I am trying to do calculate days between 2 dates as follow:

  1. Obtain current date
  2. Obtain past OR future date
  3. Calculate the difference between no. 1 and no. 2
  4. Present the dates in the following format
    • If the result is in past (2 day ago) or in the future (in 2 days)
    • Format will: days, weeks, months, years

I tried different ways but couldn't get the result I wanted above. I found out that Android DatePicker dialog box convert date into Integer. I have not found a way to make DatePicket widget to return date variables instead of integer.

private DatePickerDialog.OnDateSetListener mDateSetListener =
        new DatePickerDialog.OnDateSetListener() {

            public void onDateSet(DatePicker view, **int** year, 
                                  **int** monthOfYear, **int** dayOfMonth) {
                enteredYear = year;
                enteredMonth = monthOfYear;
                enteredDay = dayOfMonth;

I tried to convert the system date to Integer, based on the above, but this doesn't really work when trying to calculate days between 2 dates.

private void getSystemDate(){
     final Calendar c = Calendar.getInstance();

        mYear = c.get(Calendar.YEAR);
        systemYear = mYear;

        mMonth = c.get(Calendar.MONTH);
        systemMonth = mMonth + 1;

        mDay = c.get(Calendar.DAY_OF_MONTH);
        systemDay = mDay;

  • ints aren't gonna work for calculating the difference between days. You'll need to use a long (like AedonEtLIRA said).
    – jahroy
    Commented Apr 26, 2012 at 3:37
  • That's the issue I am having - by default, the DatePicker in Android convert the date into integer, as the code snippet above shows.
    – striders
    Commented Apr 27, 2012 at 5:41
  • It doesn't immediately make sense to me how you could use an int to represent a date. Unless Android java is different, you can't represent a timestamp as an int because the max int value is not large enough. Timestamps are very large... like trillions and trillions.
    – jahroy
    Commented Apr 27, 2012 at 17:49
  • @jahroy - that's the default from Android. As you see from the 1st code above, when the a user set a date from the Date dialog picker, the DatePickerDialog.OnDateSetListener returns the value in integer.
    – striders
    Commented May 22, 2012 at 3:25
  • In your code, ints are used to represent the year, the month of the year, and the day of the month. It makes perfect sense to use ints for this... In fact it would make no sense to use longs for that. My comment (and all the answers below) suggest that you should determine the difference between two dates by subtracting the timestamps that represent those dates. That should be done with longs. Like these answers demonstrate, you need to determine the difference between the dates with timestamps, then convert the difference into days, weeks, months, etc...
    – jahroy
    Commented May 22, 2012 at 4:45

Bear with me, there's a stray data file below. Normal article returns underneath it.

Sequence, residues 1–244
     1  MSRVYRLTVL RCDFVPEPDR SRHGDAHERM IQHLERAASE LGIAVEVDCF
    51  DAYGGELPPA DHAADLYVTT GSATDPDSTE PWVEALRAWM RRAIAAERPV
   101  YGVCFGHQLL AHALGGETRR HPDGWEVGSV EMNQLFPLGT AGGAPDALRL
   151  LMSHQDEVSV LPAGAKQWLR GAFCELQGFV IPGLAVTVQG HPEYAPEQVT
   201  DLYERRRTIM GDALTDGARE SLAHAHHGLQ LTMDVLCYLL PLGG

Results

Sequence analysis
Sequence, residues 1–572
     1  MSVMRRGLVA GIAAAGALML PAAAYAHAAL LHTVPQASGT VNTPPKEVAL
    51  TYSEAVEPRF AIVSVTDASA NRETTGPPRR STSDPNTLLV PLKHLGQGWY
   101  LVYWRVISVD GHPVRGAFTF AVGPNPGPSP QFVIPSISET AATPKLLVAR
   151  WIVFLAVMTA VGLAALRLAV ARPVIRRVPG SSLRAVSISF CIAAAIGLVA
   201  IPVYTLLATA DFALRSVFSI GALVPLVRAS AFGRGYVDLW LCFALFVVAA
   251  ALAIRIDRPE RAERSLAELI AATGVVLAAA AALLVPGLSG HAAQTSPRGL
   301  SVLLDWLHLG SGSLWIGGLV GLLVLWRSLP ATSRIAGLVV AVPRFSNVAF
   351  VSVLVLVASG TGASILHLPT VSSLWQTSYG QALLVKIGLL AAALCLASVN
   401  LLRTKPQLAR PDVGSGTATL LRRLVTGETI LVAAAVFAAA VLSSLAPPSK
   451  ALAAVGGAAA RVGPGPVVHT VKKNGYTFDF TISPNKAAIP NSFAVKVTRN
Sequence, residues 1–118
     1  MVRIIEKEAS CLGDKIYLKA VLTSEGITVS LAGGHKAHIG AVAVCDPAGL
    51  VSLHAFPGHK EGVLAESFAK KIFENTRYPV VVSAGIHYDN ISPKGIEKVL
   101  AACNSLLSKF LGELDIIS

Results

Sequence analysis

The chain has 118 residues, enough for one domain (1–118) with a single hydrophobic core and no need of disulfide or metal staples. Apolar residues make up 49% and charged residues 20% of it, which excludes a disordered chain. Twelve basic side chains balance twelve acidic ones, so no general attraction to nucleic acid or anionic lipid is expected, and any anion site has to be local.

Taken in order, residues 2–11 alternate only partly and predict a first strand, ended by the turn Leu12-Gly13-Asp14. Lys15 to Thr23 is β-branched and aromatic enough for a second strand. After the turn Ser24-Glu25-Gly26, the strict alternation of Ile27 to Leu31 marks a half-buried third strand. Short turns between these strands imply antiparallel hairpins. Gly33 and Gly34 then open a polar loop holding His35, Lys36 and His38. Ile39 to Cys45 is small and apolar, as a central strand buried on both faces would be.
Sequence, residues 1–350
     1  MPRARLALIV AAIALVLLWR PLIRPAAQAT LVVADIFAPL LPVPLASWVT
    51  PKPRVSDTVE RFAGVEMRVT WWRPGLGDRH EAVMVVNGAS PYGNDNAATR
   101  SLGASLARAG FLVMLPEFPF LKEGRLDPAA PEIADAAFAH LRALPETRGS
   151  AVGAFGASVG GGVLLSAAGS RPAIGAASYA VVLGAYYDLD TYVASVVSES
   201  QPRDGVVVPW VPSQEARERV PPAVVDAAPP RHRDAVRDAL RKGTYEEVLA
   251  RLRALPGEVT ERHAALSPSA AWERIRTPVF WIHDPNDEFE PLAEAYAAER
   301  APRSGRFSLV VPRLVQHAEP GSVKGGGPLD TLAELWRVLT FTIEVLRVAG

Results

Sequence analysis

3 Answers 3

  *  Returns a string that describes the number of days
  *  between dateOne and dateTwo.  

public String getDateDiffString(Date dateOne, Date dateTwo)
    long timeOne = dateOne.getTime();
    long timeTwo = dateTwo.getTime();
    long oneDay = 1000 * 60 * 60 * 24;
    long delta = (timeTwo - timeOne) / oneDay;

    if (delta > 0) {
        return "dateTwo is " + delta + " days after dateOne";
    else {
        delta *= -1;
        return "dateTwo is " + delta + " days before dateOne";

Edit: Just saw the same question in another thread: how to calculate difference between two dates using java

Edit2: To get Year/Month/Week, do something like this:

int year = delta / 365;
int rest = delta % 365;
int month = rest / 30;
rest = rest % 30;
int weeks = rest / 7;
int days = rest % 7;
  • Thanks for the information! This will display the diff in days. What will be the appropriate ways to show this in days, weeks AND year?
    – striders
    Commented Apr 26, 2012 at 22:30
  • You need to do some math and use the modulo operator. To show x seconds as minutes and seconds, you would do this: int minutes = x / 60; int seconds = x % 60; String timeText = minutes + " min " + seconds + "sec"; The percentage sign is called the modulo operator.
    – jahroy
    Commented Apr 27, 2012 at 17:53
  • @striders Updated my answer... Please accept the answer if you think it is correct
    – San
    Commented Apr 27, 2012 at 19:23
  • Thank you for the revised answer on the weeks/days/months. I'll plug this in my Android code and will give it a shot!
    – striders
    Commented May 19, 2012 at 3:54
  • @striders - Using an int above will only work if your dates are less than 25 days apart. Edited the answer to use longs in stead.
    – jahroy
    Commented May 22, 2012 at 17:44
long delta = Date2.getTime() - Date1.getTime();

new Date(delta);

From here, you just pick your format. Maybe use a date formatter? As for determing the future stuff and all that, you could just see if the delta is positive or negative. A negative delta will indicate a past event.

  • 1
    I think new Date(delta) wont work because the delta is not the milliseconds since January 1, 1970, 00:00:00 GMT.
    – San
    Commented Apr 26, 2012 at 4:50

Well, java/android API has all answers for you:

    Calendar myBirthday=Calendar.getInstance();
    myBirthday.set(1980, Calendar.MARCH, 22);
    Calendar now = Calendar.getInstance();
    long diffMillis= Math.abs(now.getTimeInMillis()-myBirthday.getTimeInMillis());
    long differenceInDays = TimeUnit.DAYS.convert(diffMillis, TimeUnit.MILLISECONDS);

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